You can teach your fur buddy to catch flying discs with this Kong Frisbee, which is well-loved by active fidos.
Diet and nutrition: What’s the best dog food for an Australian German Shepherd?
As an active breed, your German Australian Shepherd needs a diet high in protein to keep their body and muscles healthy.
For a satisfied Aussie German Shepherd tummy, aim for 2.5 to 4 cups of high-quality dog food a day, which is about 1,000 calories. Divide this amount into two meals to discourage overeating, bloat, and keep your canine friend fueled.
Other than your pet’s metabolism, look for a dry kibble appropriate for her weight, age, and health.
You can check if she’s gaining too many pounds by doing a touch-test, where you can feel her ribs. Being overweight can be a sign of illnesses like insulinoma and hypothyroidism. So it’s best to be cautious.
Are Australian German Shepherd dogs healthy?
Australian Shepherd German Shepherd mixes are generally healthy dogs that could enjoy a lifespan of 9 to 15 years!
But like any dog, owners will still need to watch out for some health problems. Unsound breeding practices in their parent’s early years can contribute to a greater risk of hereditary conditions.
Joint issues such as hip and elbow dysplasia are possible in both German Shepherds and Australian Shepherds.
Your pup may also experience eye conditions, including Collie Eye Anomaly (CEA), colobomas, Progressive Retinal Atrophy (PRA), and cataracts.
How much are Australian German Shepherd puppies?
Wondering if you can afford one of these remarkable dogs? You’re in luck! A German Shepherd Australian Shepherd puppy can cost around $300 to $800.
You might find one for a lower price, but expect to pay somewhere in this range.
You also have to consider other expenses like annual medical and non-medical expenditures that can have a total of $985 to $1,200.
Australian Shepherd German Shepherd mix breeders
Picking a breeder is just as important as picking out your puppy.
If you don’t do your due diligence, you risk funding a less-than-stellar breeding operation. To make matters worse, you could get your heart set on an unhealthy pup.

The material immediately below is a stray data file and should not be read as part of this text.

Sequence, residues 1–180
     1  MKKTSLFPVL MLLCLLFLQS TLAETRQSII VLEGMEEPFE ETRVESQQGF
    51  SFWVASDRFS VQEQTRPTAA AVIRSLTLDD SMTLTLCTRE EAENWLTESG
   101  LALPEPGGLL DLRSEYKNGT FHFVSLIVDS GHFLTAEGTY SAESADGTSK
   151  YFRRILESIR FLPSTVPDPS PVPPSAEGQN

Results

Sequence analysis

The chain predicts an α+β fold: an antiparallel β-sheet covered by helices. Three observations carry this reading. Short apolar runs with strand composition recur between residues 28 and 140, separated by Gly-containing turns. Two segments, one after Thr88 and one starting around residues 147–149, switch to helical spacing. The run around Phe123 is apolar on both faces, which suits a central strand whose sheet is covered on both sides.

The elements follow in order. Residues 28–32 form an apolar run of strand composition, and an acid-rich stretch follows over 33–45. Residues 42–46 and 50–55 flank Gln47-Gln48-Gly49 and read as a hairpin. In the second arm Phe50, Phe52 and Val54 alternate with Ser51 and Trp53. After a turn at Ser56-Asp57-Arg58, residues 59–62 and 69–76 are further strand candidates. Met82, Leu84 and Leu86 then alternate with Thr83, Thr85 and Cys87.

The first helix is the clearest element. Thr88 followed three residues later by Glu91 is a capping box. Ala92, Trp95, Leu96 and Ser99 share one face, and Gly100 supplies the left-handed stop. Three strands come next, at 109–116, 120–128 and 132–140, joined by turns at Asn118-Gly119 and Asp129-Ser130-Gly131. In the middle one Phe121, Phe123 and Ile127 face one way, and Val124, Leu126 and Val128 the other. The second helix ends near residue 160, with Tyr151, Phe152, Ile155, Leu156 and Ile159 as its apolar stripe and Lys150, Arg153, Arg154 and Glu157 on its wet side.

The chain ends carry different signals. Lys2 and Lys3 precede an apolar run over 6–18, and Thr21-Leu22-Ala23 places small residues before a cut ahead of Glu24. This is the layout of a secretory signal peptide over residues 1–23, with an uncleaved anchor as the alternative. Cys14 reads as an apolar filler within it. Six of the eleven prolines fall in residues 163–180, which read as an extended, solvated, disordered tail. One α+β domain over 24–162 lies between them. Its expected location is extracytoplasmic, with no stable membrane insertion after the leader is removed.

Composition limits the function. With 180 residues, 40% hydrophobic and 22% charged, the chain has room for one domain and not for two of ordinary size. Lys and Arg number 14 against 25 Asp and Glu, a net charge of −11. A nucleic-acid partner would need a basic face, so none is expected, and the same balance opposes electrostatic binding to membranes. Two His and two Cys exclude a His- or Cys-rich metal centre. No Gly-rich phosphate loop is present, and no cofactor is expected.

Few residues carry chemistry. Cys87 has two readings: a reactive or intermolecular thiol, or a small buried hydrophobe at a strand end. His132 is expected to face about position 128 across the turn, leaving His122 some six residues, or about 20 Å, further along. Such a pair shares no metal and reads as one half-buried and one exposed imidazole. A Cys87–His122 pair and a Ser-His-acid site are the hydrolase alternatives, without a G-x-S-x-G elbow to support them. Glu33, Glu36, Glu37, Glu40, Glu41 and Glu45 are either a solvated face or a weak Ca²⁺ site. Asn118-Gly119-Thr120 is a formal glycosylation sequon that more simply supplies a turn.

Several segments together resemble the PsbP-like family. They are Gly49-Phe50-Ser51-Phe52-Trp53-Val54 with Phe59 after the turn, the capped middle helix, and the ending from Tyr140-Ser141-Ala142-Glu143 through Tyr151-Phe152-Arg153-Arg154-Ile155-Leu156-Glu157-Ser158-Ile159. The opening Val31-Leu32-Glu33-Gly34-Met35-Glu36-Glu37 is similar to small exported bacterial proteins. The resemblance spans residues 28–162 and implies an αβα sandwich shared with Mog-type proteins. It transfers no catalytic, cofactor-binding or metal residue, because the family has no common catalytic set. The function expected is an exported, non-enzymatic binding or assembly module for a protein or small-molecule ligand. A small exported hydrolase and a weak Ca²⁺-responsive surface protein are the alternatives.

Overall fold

Given the German Aussie Shepherd’s potential for genetic conditions, it’s crucial that you check the parents’ medical records and obtain a health guarantee for the pup.
Keep in mind that these documents should include more than a standard vet checkup. You’re looking for proof of thorough genetic testing. Run away from any breeder who can’t provide this paperwork.
You’ll also want to ask how the litters socialize. The best breeders care just as much about their puppies as their clients do.
They should be knowledgeable about this crossbreed’s personality and need for early interaction.
Furthermore, breeders should have an evident bond with their pups. If the adult dogs or puppies at a breeding facility seem detached or fearful, this is a huge red flag.
Currently, there don’t seem to be any breeders or kennels offering this hybrid. Don’t be discouraged, though! You might be able to find one of these pups through a rescue.
Australian Shepherd German Shepherd mix rescues
There are several benefits to adopting a German Aussie Shepherd. For starters, you can save quite a bit of money.
You also have the option of bringing home an older dog and avoiding the more trying aspects of puppyhood (hello, potty training).
Perhaps the most joyful part of doggy rescue is providing a needy pooch with a loving, stable home. Who doesn’t want to be their canine pal’s superhero?
As you scour local shelters and larger rescue organizations, keep in mind that you may not find an Australian German Shepherd that’s a 50/50 split. One or two other breeds may be thrown into the mix.
If you’re undeterred by the element of surprise, check out these rescue sites to find your forever pup:
- Happy Tails Rescue (Maple Grove, MN)
- All Shepherd Rescue (Baltimore, MD)
- Aussie and Me Animal Rescue (Sarasota, FL)
- Heartland German Shepherd Rescue (Gretna, NE)
- Westside German Shepherd Rescue (Los Angeles, CA)
Other Aussie mixes and German Shepherd crosses
If you want to take a look at other designer dogs with a German Shepherd or Australian Shepherd parent, then these mixed breeds might interest you:
- Australian Shepherd Blue Heeler mix (AKA Texas Heeler)
- Australian Shepherd Lab mix (AKA Aussiedor)
- Australian Shepherd Corgi mix (AKA Auggie)
- Australian Cattle Dog German Shepherd mix (AKA Cattle Shepherd)
- German Shepherd Australian Kelpie mix (AKA German Shepherd Kelpie)
- German Shepherd Rottweiler mix (AKA Shottie)
Have you fallen in love with the Australian Shepherd German Shepherd mix?
The German Australian Shepherd is an extraordinary canine. Loyal to a fault, they can be the perfect watchdog and excellent running mate.
They do require a diligent owner, however. Novice pet parents or those with packed schedules should think carefully before bringing one of these puppies home.
Think you can handle an impressive breed like the Australian Shepherd German Shepherd mix? Share your thoughts in the comments!
Cess is the Head of Content Writing at K9 Web and a passionate dog care expert with over 5 years of experience in the Pet Industry. With a background in animal science, dog training, and behavior consulting, her hands-on experience and extensive knowledge make her a trusted source for dog owners.
When not writing or leading the K9 Web content team, Cess can be found volunteering at local shelters and participating in dog-related events.